Unlike most sellers, the Cubs do hope to return to contention soon. In fact, a huge motivator for Chicago’s recent sell-a-thon is giving the front office enough payroll flexibility within ownership constraints to re-sign star players, like Kris Bryant and Javier Báez, who are both free agents at the end of the season. Hoping to make a run at an NL Central crown in 2022 with Bryant and Báez, San Francisco might be able to entice them with a package centered around upper minor league depth pieces, like Mauricio Dubón and Camilo Doval.

Dubón looked like a part of the Giants core entering the season but struggled at the plate while other players took advantage of their opportunities and ultimately forced him to be demoted to Triple-A. Nevertheless, Dubón might be one of the most versatile defensive players in professional baseball, grading as one of the best defensive center fielders in MLB alongside above-average work at shortstop and second base. The Cubs, by the way, face long-term questions at all three of those positions.

Offensively, Dubón has struggled with inconsistencies. Never a big power hitter, Dubón has posted a soft .234/.272/.373 triple-slash in 169 plate appearances. Yet, even in his ugly 2021 season, Dubón hit a passable .236/.288/.418 with an uncommonly low .227 BABIP. Dubón is a career .279/.331./465 hitter with a 17.1% strikeout rate against lefties. In an outfield that includes left-handed hitters Ian Happ and Jason Heyward, Dubón should at the very least have a future as a platoon piece on the bench in Chicago.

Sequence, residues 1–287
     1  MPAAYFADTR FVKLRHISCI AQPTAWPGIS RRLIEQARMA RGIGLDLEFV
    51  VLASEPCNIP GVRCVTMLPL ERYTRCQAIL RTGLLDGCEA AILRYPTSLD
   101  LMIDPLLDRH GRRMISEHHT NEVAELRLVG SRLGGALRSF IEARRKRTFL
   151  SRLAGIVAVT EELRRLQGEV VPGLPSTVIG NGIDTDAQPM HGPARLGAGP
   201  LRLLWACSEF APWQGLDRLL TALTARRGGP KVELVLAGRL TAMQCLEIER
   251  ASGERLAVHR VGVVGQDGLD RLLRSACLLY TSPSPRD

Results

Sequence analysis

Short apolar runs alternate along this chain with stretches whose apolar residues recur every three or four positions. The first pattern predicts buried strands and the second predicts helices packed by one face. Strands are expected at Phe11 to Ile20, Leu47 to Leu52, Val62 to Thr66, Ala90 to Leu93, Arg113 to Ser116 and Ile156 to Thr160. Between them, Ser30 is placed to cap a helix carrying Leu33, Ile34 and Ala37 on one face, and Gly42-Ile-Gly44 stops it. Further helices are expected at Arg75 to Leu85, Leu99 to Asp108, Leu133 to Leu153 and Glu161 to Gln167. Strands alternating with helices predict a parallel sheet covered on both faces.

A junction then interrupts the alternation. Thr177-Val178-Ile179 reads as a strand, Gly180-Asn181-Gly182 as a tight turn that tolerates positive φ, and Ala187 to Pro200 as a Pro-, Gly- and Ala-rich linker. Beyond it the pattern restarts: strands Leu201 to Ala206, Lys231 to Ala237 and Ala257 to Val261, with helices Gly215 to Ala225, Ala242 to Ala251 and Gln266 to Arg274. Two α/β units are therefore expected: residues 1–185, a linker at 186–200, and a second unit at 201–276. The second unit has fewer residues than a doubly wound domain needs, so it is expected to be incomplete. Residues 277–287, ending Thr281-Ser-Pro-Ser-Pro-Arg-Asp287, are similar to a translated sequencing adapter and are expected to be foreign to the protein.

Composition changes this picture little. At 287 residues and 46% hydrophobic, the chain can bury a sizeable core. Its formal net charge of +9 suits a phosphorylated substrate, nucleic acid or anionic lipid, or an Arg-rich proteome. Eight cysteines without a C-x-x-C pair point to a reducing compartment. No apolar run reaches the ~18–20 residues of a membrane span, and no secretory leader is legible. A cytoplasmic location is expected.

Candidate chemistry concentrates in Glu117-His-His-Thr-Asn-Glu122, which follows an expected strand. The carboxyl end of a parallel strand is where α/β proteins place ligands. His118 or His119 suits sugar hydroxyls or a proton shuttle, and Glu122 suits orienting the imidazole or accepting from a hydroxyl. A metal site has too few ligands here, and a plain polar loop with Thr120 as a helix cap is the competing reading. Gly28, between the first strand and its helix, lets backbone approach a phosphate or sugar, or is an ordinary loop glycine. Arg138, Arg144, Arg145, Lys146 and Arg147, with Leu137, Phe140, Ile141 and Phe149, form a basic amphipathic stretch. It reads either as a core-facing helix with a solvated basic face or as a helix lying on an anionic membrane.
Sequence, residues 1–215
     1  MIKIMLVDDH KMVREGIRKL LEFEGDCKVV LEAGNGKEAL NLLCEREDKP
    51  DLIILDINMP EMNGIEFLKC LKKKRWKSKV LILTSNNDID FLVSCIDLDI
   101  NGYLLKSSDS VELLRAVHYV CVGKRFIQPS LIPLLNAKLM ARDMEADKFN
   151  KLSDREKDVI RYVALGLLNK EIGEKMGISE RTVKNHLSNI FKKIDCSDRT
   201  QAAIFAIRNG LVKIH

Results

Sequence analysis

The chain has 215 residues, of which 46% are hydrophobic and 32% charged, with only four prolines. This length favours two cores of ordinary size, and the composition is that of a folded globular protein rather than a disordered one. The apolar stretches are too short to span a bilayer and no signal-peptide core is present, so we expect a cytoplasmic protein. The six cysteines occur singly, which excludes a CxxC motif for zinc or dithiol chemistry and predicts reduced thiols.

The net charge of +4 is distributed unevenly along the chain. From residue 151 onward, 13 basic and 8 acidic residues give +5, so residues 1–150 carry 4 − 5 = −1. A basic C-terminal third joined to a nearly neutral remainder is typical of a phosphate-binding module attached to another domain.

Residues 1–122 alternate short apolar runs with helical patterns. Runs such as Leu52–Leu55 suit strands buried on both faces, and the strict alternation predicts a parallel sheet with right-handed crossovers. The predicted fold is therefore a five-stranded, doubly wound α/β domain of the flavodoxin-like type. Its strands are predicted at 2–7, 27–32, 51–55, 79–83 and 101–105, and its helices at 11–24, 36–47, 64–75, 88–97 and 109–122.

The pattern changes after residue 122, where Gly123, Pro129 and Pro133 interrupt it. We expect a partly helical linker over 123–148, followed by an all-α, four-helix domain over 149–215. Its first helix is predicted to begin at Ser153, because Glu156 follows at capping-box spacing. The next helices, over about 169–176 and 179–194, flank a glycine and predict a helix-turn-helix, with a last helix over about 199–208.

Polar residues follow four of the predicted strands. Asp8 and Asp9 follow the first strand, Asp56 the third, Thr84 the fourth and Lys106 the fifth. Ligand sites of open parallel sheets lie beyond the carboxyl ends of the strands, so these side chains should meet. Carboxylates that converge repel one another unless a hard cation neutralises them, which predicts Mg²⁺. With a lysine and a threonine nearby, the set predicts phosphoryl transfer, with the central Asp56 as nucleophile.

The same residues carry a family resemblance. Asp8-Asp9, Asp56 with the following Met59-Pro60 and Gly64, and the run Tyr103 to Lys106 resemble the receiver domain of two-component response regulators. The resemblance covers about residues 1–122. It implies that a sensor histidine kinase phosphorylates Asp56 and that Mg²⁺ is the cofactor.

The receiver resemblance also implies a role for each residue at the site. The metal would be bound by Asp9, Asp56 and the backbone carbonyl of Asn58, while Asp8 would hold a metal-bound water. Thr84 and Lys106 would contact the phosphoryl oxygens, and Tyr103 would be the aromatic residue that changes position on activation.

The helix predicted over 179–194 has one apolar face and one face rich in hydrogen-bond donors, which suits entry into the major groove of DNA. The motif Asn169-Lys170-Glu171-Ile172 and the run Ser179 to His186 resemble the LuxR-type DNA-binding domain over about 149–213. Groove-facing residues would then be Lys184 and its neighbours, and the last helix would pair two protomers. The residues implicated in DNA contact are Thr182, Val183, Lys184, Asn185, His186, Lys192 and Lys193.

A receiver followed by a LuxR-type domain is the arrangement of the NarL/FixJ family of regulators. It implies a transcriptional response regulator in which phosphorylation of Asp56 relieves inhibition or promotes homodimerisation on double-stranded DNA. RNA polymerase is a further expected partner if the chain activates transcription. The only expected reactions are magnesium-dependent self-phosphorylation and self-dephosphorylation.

Doval had a strong start to the season in the Giants bullpen, but having never played above High-A before 2021, Doval’s inconsistent control eventually forced him to be sent back to the minor leagues. He made 13 appearances and struck out 13 across 10.2 innings of work. He issued six walks, surrendered four home runs, and recorded a 7.59 ERA.

Doval works from a side-winder motion that is incredibly difficult for opposing batters, especially right-handed hitters, to pick up. His fastball has topped 100 mph but generally sits around 97. His slider still may be his best pitch, although also his most inconsistent, flashing devastating potential. Nobody would be shocked if Doval were one of the best closers in MLB in 2023. Granted, no one would be surprised if he’s still floundering at Triple-A either.

Neither Doval nor Dubón are among the most valuable minor leaguers in the organization, but a package centered around them would help offer the Cubs a package that includes two players who have appeared at the big-league level. Doval has struggled in the hitter-friendly Triple-A West League, recording a 5.31 ERA in 20.1 innings pitched, but has continued missing bats, striking out 25. Dubón, on the other hand, has been exceptional in Sacramento, hitting .382/.456/.426.

Kai-Wei Teng entered the season ranked among the organization’s 20 best prospects as a big right-hander with above-average command and a good feel for a strong four-pitch mix. Teng’s stock seemed headed up at the start of the season when he was invited to big league camp and flashed mid-90s velocity. However, since he was suspended ten games for the use of foreign substances, he’s struggled to throw strikes and had his High-A season derailed. The 22-year old has struck out 69 hitters across 47.1 innings pitched in 12 starts, but he’s also issued 32 walks and recorded a 6.27 ERA.

Still, Teng could easily be replaced by another lower-level Giants prospect that piqued the Cubs’ interest. Last year’s 2nd compensatory round selection Nick Swiney could be a viable alternative. If the market for Kimbrel heats up even more, or Chicago offers to cover some of Kimbrel’s contract, a more premium starting pitching prospect, like Sean Hjelle, could easily replace Teng in this proposal.

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The SF Giants could easily look to add an elite reliever before the MLB trade deadline on July 31st. If they do, they could benefit from the Chicago Cubs desire to save money and build a contender soon to work out a deal for dominant closer Craig Kimbrel.